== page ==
the free rotary contact between planet gear and axle A requires a radial force action / reaction; the magnitude of this force at A must also be Ft as sketched, for equilibrium of the planet.

With velocities taken to be positive leftwards for example, we have for the external central gear :

o o o

geometry from Fig 2a : velocity of P : torques from Fig 2a :

Ra = Rc + Rp vP = vA + vPA so with the given senses : ωcRc = ωaRa - ωpRp

Ft = -Tc / Rc = -Tp / Rp = Ta / Ra

and for the internal central gear :

o o o

geometry from Fig 2a : velocity of P : torques from Fig 2a :

Ra = Rc - Rp vP = vA + vPA so with the given senses : ωcRc = ωaRa + ωpRp

Ft = -Tc / Rc = Tp / Rp = Ta / Ra

Substituting for Ra from the geometric equations into the respective velocity and torque equations, and noting that Rc/Rp = zc/zp, leads to the same result for both internal and external central gear arrangements. These are the desired relations for the three-component element :

( 2a) ( 2b)

( ωc - ωa ) zc + ( ωp - ωa ) zp = 0 Tc / zc = Tp / zp = -Ta / ( zc + zp )

. . . . in which zc is taken to be a positive integer for an external central gear, and a negative integer for an internal central gear.

It is apparent that the element has one degree of kinetic (torque) freedom since only one of the three torques may be arbitrarily defined, the other two following from the two equations ( 2b). On the other hand the element possesses two degrees of kinematic freedom, as any two of the three velocities may be arbitrarily chosen, the third being dictated by the single equation ( 2a).

From ( 2b) the net external torque on the three-component element as a whole is : ΣT = Tc + Tp + Ta = Tc { 1 + zp / zc - ( zc + zp )/zc } = 0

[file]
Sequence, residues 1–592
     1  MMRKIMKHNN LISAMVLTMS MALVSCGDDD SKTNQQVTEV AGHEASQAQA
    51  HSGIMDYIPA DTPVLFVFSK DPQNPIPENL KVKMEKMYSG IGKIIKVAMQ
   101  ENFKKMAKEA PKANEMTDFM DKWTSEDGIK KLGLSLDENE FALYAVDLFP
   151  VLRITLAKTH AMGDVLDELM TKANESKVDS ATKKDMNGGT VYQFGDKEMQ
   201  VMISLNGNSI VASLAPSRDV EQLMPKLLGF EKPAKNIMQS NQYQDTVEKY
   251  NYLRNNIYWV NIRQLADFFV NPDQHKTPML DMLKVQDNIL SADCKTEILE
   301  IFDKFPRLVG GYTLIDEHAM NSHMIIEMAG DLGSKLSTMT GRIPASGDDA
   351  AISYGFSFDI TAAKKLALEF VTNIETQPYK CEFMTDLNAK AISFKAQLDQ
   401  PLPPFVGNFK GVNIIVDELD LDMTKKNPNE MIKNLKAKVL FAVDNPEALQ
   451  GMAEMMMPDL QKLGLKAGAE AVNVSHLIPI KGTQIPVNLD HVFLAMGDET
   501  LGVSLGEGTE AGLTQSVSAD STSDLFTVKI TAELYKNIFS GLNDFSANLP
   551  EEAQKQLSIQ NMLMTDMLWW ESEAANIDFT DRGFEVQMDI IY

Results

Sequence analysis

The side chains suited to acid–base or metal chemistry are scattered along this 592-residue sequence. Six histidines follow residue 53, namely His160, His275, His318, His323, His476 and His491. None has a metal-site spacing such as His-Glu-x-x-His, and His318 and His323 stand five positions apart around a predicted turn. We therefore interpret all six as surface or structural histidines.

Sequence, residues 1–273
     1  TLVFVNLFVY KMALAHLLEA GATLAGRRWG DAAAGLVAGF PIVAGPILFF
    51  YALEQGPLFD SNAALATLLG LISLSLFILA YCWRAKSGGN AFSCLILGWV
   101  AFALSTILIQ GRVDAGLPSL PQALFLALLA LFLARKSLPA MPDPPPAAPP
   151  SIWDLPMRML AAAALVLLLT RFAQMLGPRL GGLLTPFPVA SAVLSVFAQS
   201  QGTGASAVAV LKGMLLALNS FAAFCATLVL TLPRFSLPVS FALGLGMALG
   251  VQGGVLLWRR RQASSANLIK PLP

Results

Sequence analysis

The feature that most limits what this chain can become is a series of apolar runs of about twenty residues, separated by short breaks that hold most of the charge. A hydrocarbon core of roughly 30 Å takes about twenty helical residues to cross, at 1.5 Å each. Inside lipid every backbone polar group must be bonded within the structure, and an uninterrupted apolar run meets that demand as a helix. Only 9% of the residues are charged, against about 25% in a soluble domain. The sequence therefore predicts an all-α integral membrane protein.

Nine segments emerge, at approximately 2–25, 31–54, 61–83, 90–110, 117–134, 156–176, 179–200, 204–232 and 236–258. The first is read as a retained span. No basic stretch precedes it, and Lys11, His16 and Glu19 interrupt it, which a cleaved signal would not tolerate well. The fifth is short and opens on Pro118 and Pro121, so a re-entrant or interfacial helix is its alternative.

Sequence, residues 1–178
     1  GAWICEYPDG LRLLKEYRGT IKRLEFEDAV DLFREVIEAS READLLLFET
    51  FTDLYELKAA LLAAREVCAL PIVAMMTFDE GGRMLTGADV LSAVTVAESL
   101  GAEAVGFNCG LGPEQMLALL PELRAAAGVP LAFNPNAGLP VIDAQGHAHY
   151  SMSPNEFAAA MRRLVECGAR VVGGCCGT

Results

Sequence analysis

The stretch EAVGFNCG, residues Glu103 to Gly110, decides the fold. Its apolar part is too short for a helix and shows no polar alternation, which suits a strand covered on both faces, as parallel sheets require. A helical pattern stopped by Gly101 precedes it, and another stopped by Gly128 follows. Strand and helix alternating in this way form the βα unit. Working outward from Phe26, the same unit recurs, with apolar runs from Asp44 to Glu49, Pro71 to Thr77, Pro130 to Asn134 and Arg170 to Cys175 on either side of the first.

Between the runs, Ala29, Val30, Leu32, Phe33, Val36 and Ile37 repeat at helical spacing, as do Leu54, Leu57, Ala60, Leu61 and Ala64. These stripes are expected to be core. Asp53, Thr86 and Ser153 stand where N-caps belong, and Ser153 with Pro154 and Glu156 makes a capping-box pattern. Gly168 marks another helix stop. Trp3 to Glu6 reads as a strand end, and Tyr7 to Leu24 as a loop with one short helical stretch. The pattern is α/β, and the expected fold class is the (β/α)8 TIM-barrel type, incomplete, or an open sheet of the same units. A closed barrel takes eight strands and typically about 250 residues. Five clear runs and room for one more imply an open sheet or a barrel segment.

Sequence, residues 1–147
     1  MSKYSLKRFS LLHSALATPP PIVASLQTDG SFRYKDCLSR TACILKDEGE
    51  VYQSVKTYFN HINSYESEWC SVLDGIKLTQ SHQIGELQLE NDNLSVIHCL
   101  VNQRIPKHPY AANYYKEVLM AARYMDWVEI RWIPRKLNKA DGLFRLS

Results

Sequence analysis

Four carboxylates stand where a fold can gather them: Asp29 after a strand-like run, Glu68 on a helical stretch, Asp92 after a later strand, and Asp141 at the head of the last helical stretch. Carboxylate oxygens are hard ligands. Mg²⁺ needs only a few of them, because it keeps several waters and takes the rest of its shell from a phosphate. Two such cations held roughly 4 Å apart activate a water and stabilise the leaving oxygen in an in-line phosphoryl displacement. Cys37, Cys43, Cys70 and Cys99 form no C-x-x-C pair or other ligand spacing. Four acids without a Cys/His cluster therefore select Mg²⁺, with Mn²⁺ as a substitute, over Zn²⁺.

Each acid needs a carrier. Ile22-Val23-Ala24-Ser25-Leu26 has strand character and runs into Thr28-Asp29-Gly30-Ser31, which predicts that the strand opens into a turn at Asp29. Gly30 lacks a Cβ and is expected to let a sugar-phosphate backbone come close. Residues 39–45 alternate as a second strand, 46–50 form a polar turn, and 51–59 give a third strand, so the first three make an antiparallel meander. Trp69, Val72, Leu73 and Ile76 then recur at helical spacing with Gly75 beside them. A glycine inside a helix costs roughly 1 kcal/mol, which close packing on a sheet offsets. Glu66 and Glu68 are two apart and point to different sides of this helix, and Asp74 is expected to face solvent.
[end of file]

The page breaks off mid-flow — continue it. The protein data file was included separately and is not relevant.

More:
which indicates that equilibrium of the element is assured.

Energy is supplied to the element through any component whose torque and velocity senses are identical. From ( 2) the total external power being fed into the three-component element is : ΣP = Pc + Pp + Pa = ωcTc + ωpTp + ωaTa = Tc { ωc + ωp zp /zc - ωa ( zc + zp )/zc } = Tc { ( ωc - ωa ) zc + ( ωp - ωa ) zp } / zc = 0

confirming that energy is conserved in the ideal element.

In practice, a number of identical planets are employed for balance and shaft load minimisation. Since ( 2) deal only with effects external to the element, this multiplicity of planets is analytically irrelevant provided Tp is interpreted as being the total torque on all the planets, which is shared equally between them as suggested by the sketch here. The reason for the sun- and- planet terminology is obvious; the arm is often referred to as the spider or planet carrier.

Application of the element relations to a complete train is carried out as shown in the example which follows. More complex epicyclic trains may be analysed in a similar manner, but the technique is not of much assistance when the problem is one of gear train design - the interested designer is referred to the Bibliography.

EXAMPLE